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Hennepin County Tax Preparer Responsible for Tax Fraud to Face Prison

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Hennepin County Tax Preparer Responsible for Tax Fraud to Face Prison

Tax fraud to face prison

Hennepin County Tax Preparer Responsible for Tax Fraud to Face Prison

We frequently write about how a tax preparer — including CPAs, registered agents, and lawyers – are not above suspicion when it comes to matters regarding tax fraud or evasion. Whether the investigation body is an IRS examination, an IRS criminal investigation, or similar investigations by state agencies an individual’s status as a licensed professional does not protect or inoculate the individual from suspicion in any sense. In fact, because these individuals are familiar with the tax code and have the knowledge, ability, and opportunity to commit fraud impacting tens or hundreds of individuals they may even attract more scrutiny from examiners and auditors.

While tax preparer who plays fast and loose with their client’s tax obligations are routinely identified and prosecuted, they can unfortunately cause significant damage to their client’s before the fraud is recognized. The latest tax preparer to be identified as committing fraud unbeknownst to her clients is Rona Estelle Griffin who recently pleaded guilty to a 53 felony charges related to her tax fraud.

How Did the Tax Fraud Scheme Occur?

Rona Estelle Griffin appeared to run a modest tax preparing business out of a small Minnesota home. In this capacity she prepared taxes for hundreds of clients realizing “too good to be true” results for nearly all. In most cases, inaccurate filings that included overstated charitable contributions and business expenses achieved these extremely favorable results. In some cases she changed her client’s occupations on tax forms to make business expenses more reasonable. Reportedly, upon learning that many of her clients had been contacted for audits by the IRS she called a meeting at her home. At the meeting she apparently told the clients to purchase travel ledgers and create false records to support the deductions she had claimed.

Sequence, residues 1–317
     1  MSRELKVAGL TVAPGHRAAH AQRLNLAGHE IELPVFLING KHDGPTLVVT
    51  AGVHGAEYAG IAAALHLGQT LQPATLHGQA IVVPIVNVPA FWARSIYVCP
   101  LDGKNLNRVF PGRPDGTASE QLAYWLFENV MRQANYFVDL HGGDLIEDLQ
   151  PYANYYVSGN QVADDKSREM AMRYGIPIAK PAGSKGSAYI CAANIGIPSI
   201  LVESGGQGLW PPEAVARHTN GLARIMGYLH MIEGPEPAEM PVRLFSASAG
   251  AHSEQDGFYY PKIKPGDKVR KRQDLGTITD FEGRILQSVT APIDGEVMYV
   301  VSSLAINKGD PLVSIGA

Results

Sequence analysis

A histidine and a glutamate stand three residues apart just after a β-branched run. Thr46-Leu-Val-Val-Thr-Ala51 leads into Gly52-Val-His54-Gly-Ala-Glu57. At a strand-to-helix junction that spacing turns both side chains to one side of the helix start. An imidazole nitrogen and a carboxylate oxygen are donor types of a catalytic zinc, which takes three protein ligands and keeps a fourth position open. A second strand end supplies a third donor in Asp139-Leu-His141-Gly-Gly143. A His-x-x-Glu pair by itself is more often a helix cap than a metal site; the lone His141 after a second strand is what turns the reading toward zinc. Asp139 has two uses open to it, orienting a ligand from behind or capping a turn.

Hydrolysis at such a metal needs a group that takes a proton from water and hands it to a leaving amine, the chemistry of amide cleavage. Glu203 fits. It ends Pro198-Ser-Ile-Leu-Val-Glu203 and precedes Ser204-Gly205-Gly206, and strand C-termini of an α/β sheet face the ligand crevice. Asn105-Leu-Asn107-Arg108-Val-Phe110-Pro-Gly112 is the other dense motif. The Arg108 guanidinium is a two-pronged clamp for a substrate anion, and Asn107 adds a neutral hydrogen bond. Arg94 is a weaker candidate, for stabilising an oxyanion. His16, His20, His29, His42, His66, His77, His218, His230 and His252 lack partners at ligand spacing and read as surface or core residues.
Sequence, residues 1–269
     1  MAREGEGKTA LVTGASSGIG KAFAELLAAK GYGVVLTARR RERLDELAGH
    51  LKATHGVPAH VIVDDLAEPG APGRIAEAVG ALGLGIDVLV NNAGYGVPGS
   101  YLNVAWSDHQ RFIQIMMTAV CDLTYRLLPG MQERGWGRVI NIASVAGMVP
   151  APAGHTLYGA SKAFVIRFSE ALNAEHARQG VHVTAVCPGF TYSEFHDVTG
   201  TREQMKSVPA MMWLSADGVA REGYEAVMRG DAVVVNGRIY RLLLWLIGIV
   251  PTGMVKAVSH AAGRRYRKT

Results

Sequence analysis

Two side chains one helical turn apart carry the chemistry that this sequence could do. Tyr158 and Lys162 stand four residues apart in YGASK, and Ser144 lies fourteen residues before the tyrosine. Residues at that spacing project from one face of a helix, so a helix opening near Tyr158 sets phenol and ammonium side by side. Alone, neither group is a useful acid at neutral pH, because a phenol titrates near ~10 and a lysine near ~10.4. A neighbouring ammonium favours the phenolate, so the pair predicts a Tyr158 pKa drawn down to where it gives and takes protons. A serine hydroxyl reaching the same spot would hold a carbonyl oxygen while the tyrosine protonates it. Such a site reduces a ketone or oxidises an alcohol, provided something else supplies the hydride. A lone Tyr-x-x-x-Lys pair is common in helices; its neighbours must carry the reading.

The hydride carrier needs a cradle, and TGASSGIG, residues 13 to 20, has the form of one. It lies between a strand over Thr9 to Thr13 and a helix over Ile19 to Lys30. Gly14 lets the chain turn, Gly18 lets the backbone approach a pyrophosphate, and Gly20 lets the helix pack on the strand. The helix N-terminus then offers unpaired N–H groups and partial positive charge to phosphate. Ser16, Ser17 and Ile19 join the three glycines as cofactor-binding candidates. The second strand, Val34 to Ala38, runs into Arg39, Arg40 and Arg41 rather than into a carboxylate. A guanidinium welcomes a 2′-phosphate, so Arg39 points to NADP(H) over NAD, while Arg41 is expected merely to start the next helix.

Despite filing taxes for hundreds of people each year, Griffin herself was non-compliant with her filings. she failed to file tax returns for a number of years leading up to the indictment and guilty plea. In the 2010 and 2011 property tax refund filings she did submit, she misstated her income as less than $12,000 annually despite earning somewhere between $150,000 to $200,000 through her fraud. Charges against the tax preparer included:

  • False or fraudulent returns-preparation-aid, advise (34 counts)
  • False or fraudulent returns-file with commissioner (3 counts)
  • Failure to file return, report (7 counts)
  • Failure to pay or collect (8 counts)

The Tax preparer was also charged with theft.

On Friday, January 22, 2016, Rona Estelle Griffin Pleaded guilty to 17 counts of tax fraud. She faces a prison sentence of four years which will be determined at her sentencing currently scheduled for March 28, 2016. However, in this case the prison sentence pales in comparison to the liabilities likely to be owed by the former tax preparer. According to state prosecutors, the tax fraud resulted in more than $1.6 million is lost tax receipts. $500,000 of the liabilities have already been recovered and Griffin allegedly owes back taxes of at least $117,000.

False Representations by Tax Preparer Can Result in Back Tax Liabilities for Taxpayers

Griffin apparently systematically targeted clients who generally lacked the means to detect her fraud. In some cases she reportedly told concerned clients who had received audit notices that the IRS “was out to get [her]; we’ll get you out of this.” She would then ask the clients to execute power-of-attorney authorizations so she could further conceal her fraud. One client, a forklift operator who paid $80 for tax services, had his occupation falsely reported by the preparer as a sales representative. Her claims of more than $10,000 in unreimbursed employee expenses has now created a back tax liability of approximately $3,500. For a different client, Griffin claimed that the client had realized a loss of $45,000 due to the sale of a rental home. In reality, the transaction was profitable and the client now owes just under $10,000 in unpaid back taxes.

Facing Potential Tax Charges? Claims of Back Taxes?

Tax preparer who are facing charges can turn to the experienced and strategic tax defense attorneys of the Tax Law Offices of David W. Klasing. Likewise, taxpayers who are concerned about an underpayment of tax due to actions by their preparer can also turn to us when facing an IRS collections action. David W. Klasing is a dual-credentialed tax attorney and CPA who can take a multi-disciplinary approach to tax matters. To schedule a reduced-rate consultation with our experienced team, call 800-681-1295 today or contact us online.